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What does Namaste mean in yoga?



Yoga is a beautiful mix of culture, spirituality and movement. When you practice yoga at a yoga studio, at the end of a typical yoga class, the yoga instructors sit cross-legged in front of the room, take a deep breath, press hands together in a prayer position, lean into a deep bow and reverently say "Namaste" (nah-mah-stay). Yoga students mimic the pose and return with a low bow, whispering namaste together. The practice of meeting the hands together at the heart by the sternum in a "prayer position" is known as the Anjali Mudra. This hand gesture is frequently used during yoga practice.


The Sanskrit word “Namaste” and gesture are widely used and understood in India. This divine salutation is frequently used in the West without fully understanding its meaning and proper application. Nonetheless, in India, this is a common greeting. So, what exactly does namaste mean? How do you say it? And when should you use it? Here's everything you need to know about this popular — but frequently misunderstood — yoga term.


The word Namaste means "I bow to you" or "The divine in me honors the divine in you" in English. More specifically, Namaste can be broken down into three parts to better understand its meaning. Nama means "bow," "adoration," or "respectful salutation" in the first part. The middle As means "I," and the final Te means "to you."


But, contrary to popular belief, it is not intended to have a religious connotation. Namaste is a mantra of peace and equality to live by both on and off the mat. When we speak of the divine, we don't mean something religious, but rather the most pure or elevated part of ourselves.


Saying Namaste can help to add authenticity to yoga and make people feel more welcome in class and in the community. The teachers initiate Namaste as a symbol of gratitude and respect for their students, and the students are invited to connect with their lineage, allowing the truth to flow—the truth that we are all one when we live from the heart. When used sincerely, namaste serves to acknowledge that each student is just as important in the practice as the instructor. When the yoga teachers say Namaste at the end of class, the students usually repeat it back.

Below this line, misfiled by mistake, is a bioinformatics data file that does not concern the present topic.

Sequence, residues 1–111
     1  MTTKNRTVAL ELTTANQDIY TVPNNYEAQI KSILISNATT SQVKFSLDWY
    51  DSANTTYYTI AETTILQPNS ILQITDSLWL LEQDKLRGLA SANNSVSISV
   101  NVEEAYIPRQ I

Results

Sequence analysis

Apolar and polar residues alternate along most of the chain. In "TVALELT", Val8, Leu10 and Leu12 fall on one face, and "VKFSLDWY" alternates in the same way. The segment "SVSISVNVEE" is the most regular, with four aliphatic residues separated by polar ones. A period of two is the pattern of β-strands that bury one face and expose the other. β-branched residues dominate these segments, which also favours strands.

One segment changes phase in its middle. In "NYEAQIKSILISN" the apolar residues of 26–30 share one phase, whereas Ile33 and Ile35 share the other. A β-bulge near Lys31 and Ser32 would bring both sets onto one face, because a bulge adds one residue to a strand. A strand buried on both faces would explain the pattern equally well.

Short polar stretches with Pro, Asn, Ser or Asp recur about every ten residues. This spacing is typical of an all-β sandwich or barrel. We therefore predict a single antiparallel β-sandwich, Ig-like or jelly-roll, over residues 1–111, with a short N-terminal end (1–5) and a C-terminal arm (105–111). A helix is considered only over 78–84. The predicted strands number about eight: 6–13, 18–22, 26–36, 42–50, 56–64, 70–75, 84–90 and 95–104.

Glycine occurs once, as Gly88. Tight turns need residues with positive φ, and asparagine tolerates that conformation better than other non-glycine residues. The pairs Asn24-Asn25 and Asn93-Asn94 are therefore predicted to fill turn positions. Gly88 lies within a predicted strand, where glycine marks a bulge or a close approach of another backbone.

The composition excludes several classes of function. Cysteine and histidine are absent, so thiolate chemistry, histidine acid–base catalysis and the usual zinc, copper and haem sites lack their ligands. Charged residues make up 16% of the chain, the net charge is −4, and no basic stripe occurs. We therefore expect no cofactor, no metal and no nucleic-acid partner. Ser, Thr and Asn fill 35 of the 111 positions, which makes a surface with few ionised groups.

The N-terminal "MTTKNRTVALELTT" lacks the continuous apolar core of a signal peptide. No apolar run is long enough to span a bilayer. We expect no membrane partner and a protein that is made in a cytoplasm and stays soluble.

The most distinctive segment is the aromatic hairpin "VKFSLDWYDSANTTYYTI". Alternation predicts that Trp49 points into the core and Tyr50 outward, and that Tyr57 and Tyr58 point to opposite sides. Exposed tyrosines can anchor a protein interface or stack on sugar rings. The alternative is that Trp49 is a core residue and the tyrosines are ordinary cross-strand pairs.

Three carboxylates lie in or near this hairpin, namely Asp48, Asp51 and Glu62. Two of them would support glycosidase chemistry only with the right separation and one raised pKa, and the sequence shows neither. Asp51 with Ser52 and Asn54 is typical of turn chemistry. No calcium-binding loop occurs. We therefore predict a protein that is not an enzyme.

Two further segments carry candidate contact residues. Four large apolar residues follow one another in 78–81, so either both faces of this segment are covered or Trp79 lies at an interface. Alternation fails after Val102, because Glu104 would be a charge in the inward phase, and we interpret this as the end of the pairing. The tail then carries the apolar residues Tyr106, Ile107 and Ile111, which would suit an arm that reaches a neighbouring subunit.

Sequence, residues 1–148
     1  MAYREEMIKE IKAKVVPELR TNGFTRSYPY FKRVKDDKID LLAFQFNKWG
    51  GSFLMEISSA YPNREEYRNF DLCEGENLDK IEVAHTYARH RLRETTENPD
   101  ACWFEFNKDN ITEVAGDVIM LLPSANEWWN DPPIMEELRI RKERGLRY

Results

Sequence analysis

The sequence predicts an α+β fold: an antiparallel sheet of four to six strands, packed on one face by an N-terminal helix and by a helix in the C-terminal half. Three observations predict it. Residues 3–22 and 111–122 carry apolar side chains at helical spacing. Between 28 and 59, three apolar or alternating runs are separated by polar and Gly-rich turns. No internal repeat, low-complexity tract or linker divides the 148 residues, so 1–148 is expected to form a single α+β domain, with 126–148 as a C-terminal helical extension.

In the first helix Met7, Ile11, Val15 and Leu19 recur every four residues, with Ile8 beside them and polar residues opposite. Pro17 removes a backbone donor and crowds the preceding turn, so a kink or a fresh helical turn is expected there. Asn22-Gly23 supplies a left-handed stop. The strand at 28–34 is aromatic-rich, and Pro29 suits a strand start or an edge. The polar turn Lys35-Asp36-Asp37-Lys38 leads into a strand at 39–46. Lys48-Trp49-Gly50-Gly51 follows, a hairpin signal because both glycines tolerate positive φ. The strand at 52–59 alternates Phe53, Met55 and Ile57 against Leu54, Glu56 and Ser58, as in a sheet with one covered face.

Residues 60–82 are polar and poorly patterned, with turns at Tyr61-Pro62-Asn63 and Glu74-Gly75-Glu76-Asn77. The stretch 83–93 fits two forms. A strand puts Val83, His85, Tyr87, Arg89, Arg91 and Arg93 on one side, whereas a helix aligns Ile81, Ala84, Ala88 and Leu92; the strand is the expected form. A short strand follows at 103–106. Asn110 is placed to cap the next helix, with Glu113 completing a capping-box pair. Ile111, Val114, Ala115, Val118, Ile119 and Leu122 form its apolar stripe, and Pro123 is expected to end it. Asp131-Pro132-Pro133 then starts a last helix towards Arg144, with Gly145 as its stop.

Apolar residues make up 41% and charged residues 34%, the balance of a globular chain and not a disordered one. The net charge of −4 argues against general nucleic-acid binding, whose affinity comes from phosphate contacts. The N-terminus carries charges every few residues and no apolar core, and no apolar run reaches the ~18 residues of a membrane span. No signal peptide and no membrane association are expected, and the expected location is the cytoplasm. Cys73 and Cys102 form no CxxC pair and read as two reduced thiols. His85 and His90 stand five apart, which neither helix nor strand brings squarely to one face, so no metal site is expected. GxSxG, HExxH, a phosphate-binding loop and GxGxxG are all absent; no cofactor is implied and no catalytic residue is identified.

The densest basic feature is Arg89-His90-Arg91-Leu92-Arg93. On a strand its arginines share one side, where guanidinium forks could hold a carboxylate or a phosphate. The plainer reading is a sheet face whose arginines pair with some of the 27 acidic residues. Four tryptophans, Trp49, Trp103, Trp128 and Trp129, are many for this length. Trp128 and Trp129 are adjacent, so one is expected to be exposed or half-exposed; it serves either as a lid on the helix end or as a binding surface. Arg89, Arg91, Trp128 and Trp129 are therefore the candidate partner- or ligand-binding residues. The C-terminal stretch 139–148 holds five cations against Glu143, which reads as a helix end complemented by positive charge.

Due to the fact that Namaste is a greeting that brings people together, it can also be used as an invitation to begin socializing after class. It can be the perfect starting point for a great conversation in certain situations.


This gesture connects us to the energy within the heart chakra, unconditional love and compassion. Namaste is all about enriching compassion into any environment. Every classroom community, particularly a yoga classroom, should strive to practice greeting, seeing, and hearing the fullness of one another's humanity.


Simple gestures can help you incorporate more Namaste into your daily life. Everyone can begin with small steps, such as listening more intently when someone speaks to us. Another way is to connect with their souls beyond the words they use, or pause for a moment rather than reacting quickly to negative situations. When you realize the true nature of reality, everything you do becomes an act of appreciation. Simply going about your daily business with full awareness becomes a complete meditation practice, a perfect form of worship, an offering to all beings.


When you remember the true meaning of Namaste, you recognize that you share this yoga practice with others, which ultimately helps you open yourself up to others. Recognizing the "divine" in others is the first step toward implementing Namaste outside of the mat. When we interact with others, we should not judge them based on their appearance or social status. We should always strive to see the good in them, their light, and their lovely soul. This concept also entails being open to other people's points of view and perspectives, regardless of where they come from.


In a nutshell

Namaste translates to “The divine light in me bows to the divine light within you.” Knowledge, devotion, and respect are all crucial in empowering the meaning behind a yogi's preferred way to end their yoga practice. By saying namaste, you are expressing that you see others for who they truly are. It validates your decision to identify with God-consciousness rather than the ego, which would have you believe that you are superior or inferior to any other being on this planet. It is a conscious decision to apply the spiritual lessons learned through yoga or meditation in everyday life.

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